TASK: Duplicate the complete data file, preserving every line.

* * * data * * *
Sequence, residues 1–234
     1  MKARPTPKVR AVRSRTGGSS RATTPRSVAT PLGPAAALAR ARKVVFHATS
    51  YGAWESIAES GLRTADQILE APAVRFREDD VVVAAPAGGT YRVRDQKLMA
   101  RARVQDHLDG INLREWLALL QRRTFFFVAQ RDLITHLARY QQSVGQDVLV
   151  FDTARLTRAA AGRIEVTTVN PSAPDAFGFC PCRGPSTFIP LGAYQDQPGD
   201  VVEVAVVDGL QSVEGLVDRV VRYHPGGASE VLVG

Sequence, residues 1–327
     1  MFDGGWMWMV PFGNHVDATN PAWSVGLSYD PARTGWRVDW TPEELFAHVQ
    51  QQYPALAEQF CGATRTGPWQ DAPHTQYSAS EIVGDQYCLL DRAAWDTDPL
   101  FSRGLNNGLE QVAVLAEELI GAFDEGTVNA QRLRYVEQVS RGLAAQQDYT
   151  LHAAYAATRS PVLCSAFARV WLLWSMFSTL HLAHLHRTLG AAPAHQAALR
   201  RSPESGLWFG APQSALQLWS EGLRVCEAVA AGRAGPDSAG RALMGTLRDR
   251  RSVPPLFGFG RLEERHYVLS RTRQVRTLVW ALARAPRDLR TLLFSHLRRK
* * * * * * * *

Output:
Sequence, residues 1–234
     1  MKARPTPKVR AVRSRTGGSS RATTPRSVAT PLGPAAALAR ARKVVFHATS
    51  YGAWESIAES GLRTADQILE APAVRFREDD VVVAAPAGGT YRVRDQKLMA
   101  RARVQDHLDG INLREWLALL QRRTFFFVAQ RDLITHLARY QQSVGQDVLV
   151  FDTARLTRAA AGRIEVTTVN PSAPDAFGFC PCRGPSTFIP LGAYQDQPGD
   201  VVEVAVVDGL QSVEGLVDRV VRYHPGGASE VLVG

Sequence, residues 1–327
     1  MFDGGWMWMV PFGNHVDATN PAWSVGLSYD PARTGWRVDW TPEELFAHVQ
    51  QQYPALAEQF CGATRTGPWQ DAPHTQYSAS EIVGDQYCLL DRAAWDTDPL
   101  FSRGLNNGLE QVAVLAEELI GAFDEGTVNA QRLRYVEQVS RGLAAQQDYT
   151  LHAAYAATRS PVLCSAFARV WLLWSMFSTL HLAHLHRTLG AAPAHQAALR
   201  RSPESGLWFG APQSALQLWS EGLRVCEAVA AGRAGPDSAG RALMGTLRDR
   251  RSVPPLFGFG RLEERHYVLS RTRQVRTLVW ALARAPRDLR TLLFSHLRRK